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Help Our Kids: David Westbrook Gives Back

Visualizing the future

As a teenager, David Westbrook became blind from a rare condition – juvenile glaucoma.

Westbrook endured eight operations, six of which were experimental, and long hospitalizations to try and save his eyesight at the Mayo Clinic in Rochester, Minnesota. Although he lost his vision, he went on to become an exemplary college student, a successful business owner and a well-known strategic communications consultant, before joining Children’s Mercy in 2008.

Now Westbrook is the hospital’s Senior Vice President for Strategy and Innovation. Humbled by the achievements of the physicians and providers who support the hospital’s ophthalmology program, Westbrook is giving back to express his gratitude. He is donating $1 million to Children’s Mercy, and in his honor, our leading-edge Ophthalmology Clinic bears his name.

During the dedication ceremony, Randall L. O’Donnell, PhD, President and CEO of Children’s Mercy, said that Westbrook is a true strategic thinker and asset to the hospital: “The way his mind works is an incredible gift,” he said. “He visualizes the future, helps solve problems and has mentored many people here along the way. We are proud the Ophthalmology Clinic bears his name. I can’t think of a better fit.”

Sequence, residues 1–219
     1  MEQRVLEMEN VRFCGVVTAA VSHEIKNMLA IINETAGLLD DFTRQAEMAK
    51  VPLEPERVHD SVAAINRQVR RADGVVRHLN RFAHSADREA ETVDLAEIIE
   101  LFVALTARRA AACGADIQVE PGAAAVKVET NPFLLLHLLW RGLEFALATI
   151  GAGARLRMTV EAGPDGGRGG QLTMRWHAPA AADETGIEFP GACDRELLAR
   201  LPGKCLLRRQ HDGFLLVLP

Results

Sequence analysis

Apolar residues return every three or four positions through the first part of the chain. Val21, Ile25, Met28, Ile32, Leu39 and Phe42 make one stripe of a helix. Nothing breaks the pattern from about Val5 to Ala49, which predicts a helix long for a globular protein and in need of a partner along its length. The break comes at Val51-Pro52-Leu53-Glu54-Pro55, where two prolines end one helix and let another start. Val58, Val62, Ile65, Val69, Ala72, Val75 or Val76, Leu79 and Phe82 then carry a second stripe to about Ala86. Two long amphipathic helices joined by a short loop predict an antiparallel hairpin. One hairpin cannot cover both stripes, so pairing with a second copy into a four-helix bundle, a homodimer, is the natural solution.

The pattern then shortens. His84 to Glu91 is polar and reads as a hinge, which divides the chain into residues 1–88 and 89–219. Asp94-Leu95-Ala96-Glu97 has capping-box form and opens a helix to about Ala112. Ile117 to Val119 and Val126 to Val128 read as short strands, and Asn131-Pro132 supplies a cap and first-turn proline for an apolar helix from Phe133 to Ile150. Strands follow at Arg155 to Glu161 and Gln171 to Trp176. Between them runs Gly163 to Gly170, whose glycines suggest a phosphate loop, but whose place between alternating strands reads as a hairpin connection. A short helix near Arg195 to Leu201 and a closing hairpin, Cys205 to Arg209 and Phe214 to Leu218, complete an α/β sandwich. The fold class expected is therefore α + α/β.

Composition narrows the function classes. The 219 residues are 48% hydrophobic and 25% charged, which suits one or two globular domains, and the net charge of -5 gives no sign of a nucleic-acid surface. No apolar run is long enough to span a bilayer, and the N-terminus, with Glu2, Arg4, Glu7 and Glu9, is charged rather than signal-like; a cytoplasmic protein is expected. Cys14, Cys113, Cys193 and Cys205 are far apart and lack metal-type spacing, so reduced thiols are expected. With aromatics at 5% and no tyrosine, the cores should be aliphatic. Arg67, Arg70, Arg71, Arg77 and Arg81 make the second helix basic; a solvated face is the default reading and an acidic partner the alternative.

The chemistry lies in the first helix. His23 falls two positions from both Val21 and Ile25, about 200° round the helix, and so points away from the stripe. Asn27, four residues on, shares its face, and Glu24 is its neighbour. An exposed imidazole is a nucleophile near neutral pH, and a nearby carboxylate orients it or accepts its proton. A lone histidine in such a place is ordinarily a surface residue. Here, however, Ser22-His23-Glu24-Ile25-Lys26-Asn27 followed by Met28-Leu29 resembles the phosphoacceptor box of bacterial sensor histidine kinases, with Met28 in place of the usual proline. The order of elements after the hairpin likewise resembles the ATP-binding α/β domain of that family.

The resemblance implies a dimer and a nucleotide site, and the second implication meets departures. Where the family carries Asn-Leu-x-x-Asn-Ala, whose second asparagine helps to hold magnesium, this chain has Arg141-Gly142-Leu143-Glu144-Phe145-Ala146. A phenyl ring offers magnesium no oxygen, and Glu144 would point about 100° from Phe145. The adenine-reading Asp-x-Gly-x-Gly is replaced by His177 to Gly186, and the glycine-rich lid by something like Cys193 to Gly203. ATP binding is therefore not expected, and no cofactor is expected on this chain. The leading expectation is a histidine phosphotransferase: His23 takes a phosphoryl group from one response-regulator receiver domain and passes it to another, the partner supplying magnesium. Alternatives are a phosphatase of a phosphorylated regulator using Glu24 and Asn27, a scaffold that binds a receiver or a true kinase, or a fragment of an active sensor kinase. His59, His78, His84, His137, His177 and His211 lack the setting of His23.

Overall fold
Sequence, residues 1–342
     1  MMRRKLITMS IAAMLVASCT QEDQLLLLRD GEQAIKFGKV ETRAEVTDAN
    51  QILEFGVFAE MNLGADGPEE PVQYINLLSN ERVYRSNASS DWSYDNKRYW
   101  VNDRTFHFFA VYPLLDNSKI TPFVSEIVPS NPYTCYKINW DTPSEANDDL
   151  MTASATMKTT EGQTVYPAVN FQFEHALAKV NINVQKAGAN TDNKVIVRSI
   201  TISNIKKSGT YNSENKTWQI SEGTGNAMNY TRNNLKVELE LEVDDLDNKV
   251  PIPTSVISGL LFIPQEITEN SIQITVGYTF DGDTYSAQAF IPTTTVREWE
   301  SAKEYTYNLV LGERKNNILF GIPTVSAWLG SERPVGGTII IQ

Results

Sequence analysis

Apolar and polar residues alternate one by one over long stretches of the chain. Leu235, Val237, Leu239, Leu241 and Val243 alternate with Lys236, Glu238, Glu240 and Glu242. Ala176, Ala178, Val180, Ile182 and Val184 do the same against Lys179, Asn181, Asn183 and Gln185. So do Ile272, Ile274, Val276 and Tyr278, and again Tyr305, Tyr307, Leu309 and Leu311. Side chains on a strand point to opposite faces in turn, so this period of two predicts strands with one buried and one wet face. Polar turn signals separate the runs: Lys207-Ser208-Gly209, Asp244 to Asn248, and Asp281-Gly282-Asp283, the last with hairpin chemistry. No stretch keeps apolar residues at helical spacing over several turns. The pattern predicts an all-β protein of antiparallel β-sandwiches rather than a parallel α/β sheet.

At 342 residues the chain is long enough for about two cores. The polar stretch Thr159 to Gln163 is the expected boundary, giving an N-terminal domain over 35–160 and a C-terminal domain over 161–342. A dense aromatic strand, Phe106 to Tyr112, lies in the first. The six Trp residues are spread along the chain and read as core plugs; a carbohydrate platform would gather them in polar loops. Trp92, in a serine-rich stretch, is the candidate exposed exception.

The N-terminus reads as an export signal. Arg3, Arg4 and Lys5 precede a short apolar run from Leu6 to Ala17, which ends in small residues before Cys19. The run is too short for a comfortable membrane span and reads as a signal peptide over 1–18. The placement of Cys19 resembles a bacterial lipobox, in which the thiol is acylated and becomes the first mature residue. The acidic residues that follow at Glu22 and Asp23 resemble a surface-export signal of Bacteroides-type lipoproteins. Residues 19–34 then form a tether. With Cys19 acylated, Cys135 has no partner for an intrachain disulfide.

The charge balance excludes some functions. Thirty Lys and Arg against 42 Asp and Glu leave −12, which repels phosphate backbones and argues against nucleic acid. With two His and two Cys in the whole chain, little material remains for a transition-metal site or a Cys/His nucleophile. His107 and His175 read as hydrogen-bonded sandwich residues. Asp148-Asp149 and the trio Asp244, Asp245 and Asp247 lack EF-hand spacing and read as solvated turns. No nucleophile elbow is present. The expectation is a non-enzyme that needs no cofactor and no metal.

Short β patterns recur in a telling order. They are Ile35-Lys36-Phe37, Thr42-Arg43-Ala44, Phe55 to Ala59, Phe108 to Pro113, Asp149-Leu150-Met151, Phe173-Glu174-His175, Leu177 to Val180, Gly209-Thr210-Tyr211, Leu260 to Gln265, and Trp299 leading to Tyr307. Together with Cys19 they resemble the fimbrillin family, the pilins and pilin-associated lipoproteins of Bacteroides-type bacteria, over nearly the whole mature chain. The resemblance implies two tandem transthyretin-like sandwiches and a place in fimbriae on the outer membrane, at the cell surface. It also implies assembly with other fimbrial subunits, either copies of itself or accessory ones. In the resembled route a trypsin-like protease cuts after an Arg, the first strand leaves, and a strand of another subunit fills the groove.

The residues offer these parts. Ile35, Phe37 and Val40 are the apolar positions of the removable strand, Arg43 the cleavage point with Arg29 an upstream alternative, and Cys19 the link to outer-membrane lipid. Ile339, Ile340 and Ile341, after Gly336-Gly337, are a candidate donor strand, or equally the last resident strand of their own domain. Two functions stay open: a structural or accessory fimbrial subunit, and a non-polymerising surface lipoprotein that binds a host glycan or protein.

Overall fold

Westbrook says that every day he comes to work, he is excited about what’s happening at Children’s Mercy: “We are fostering hope, building extraordinary programs and transforming medicine on a daily basis. We’re working together toward common goals and are devoted to research that leads to innovative breakthroughs.”

In the David H. Westbrook Ophthalmology Clinic building, a plaque is engraved with the inspirational philosophy of giving and receiving Westbrook lives by:

“Children are the conscience of a community, which means the care and attention given to a community’s children becomes the most elegant measure of that community’s regard for itself. How elegant is that measure today? How elegant will be that measure tomorrow? The way we treat our children today, after all, will send a signal to future generations we will never meet.” − David H. Westbrook

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